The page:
The Tom Cotton Op-Ed Controversy at the New York Times; Or, the Challenge of Covering Trump, Part 2

There’s been a big controversy over the publication of an op-ed by Senator Tom Cotton, most notably among the Times staff–so much so that the op-ed managing editor and deputy managing editor have stepped down. This incident is part of a bigger, complex issue that doesn’t have any clear and easy solutions. I want to put in my two cents. I’ll do that in the first comments section. (I should say that I consider this post closely related to the thread, The Challenge of Covering Trump.)

One thought on “The Tom Cotton Op-Ed Controversy at the New York Times; Or, the Challenge of Covering Trump, Part 2

  1. I want to start by saying what isn’t the main issue. Some pundits think of this primarily as a battle between those with classical liberal view of airing out all ideas, and letting the best ideas win, versus a view, most vigorously championed by younger people–namely, that protecting some groups from harm is more important than airing out all ideas. Bari Weiss lays this out fairly well in a recent twitter thread:

    The civil war inside The New York Times between the (mostly young) wokes the (mostly 40+) liberals is the same one raging inside other publications and companies across the country. The dynamic is always the same. (Thread.)

    The Old Guard lives by a set of principles we can broadly call civil libertarianism. They assumed they shared that worldview with the young people they hired who called themselves liberals and progressives. But it was an incorrect assumption.

    The New Guard has a different worldview, one articulated best by @JonHaidt and @glukianoff. They call it “safetyism,” in which the right of people to feel emotionally and psychologically safe trumps what were previously considered core liberal values, like free speech.

    Perhaps the cleanest example of this dynamic was in 2018, when David Remnick, under tremendous public pressure from his staffers, disinvited Steve Bannon from appearing on stage at the New Yorker Ideas Festival. But there are dozens and dozens of examples.

    I’ve been mocked by many people over the past few years for writing about the campus culture wars. They told me it was a sideshow. But this was always why it mattered: The people who graduated from those campuses would rise to power inside key institutions and transform them.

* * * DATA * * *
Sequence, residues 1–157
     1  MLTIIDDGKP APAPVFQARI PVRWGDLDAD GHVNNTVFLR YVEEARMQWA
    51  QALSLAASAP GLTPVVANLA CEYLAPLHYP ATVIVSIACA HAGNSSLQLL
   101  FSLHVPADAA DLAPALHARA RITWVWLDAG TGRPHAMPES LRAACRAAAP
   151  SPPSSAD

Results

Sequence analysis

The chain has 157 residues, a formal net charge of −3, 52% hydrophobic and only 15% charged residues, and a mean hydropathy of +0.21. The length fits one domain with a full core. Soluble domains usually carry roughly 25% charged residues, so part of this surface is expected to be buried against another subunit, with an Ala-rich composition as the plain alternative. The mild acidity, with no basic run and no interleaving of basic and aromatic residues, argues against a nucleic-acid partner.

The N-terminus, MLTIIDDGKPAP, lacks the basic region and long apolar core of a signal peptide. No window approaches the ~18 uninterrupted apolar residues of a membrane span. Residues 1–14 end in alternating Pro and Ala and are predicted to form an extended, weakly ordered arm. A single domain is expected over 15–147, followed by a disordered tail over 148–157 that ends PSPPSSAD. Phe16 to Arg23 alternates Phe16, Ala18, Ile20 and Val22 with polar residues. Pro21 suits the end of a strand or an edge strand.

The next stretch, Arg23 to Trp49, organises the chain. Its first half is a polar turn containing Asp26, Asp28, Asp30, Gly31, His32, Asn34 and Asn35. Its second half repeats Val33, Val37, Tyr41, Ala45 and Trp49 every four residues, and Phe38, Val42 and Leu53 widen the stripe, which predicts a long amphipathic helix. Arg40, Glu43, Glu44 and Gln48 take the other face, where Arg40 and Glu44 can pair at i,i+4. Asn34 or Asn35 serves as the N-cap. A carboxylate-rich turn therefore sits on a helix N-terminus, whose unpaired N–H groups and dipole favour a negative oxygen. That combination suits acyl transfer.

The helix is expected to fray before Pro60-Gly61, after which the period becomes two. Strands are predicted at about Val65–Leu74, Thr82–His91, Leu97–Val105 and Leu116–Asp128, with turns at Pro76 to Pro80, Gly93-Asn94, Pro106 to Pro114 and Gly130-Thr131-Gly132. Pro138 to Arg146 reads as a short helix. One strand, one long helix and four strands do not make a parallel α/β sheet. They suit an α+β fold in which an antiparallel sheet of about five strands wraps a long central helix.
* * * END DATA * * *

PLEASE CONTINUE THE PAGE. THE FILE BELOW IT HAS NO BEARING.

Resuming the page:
I’m in no way surprised by what has now exploded into public view. In a way, it’s oddly comforting: I feel less alone and less crazy trying to explain the dynamic to people. What I am shocked by is the speed. I thought it would take a few years, not a few weeks.

    Here’s one way to think about what’s at stake: The New York Times motto is “all the news that’s fit to print.” One group emphasizes the word “all.” The other, the word “fit.”

    W/r/t Tom Cotton’s oped and the choice to run it: I agree with our critics that it’s a dodge to say “we want a totally open marketplace of ideas!” There are limits. Obviously. The question is: does his view fall outside those limits? Maybe the answer is yes.

    This dynamic may be playing out, but I don’t think framing the debate this way is complete–specifically, it doesn’t get to the biggest issue in my view. To me, the biggest issue isn’t free speech versus social justice, but free speech and the limits of free speech on the op-ed page of one of the most prestigious newspapers. I think Michelle Goldberg, an op-ed columnist at The Times touches on this well in her response to the controversy (a piece worth reading):

    …the value of airing Cotton’s argument has to be weighed against the message The Times sends, in this incendiary moment, by including it within the bounds of legitimate debate. Everyone agrees that The Times draws those boundaries. The question is where.

    To me, the question is really important, and should be the one at the beginning of the debate. Another crucial point is the authority and reach of the New York Times. No one is stopping Senator Cotton from expressing his views. The question is, should his views be given the imprimatur and megaphone of the NYT?

    More later…

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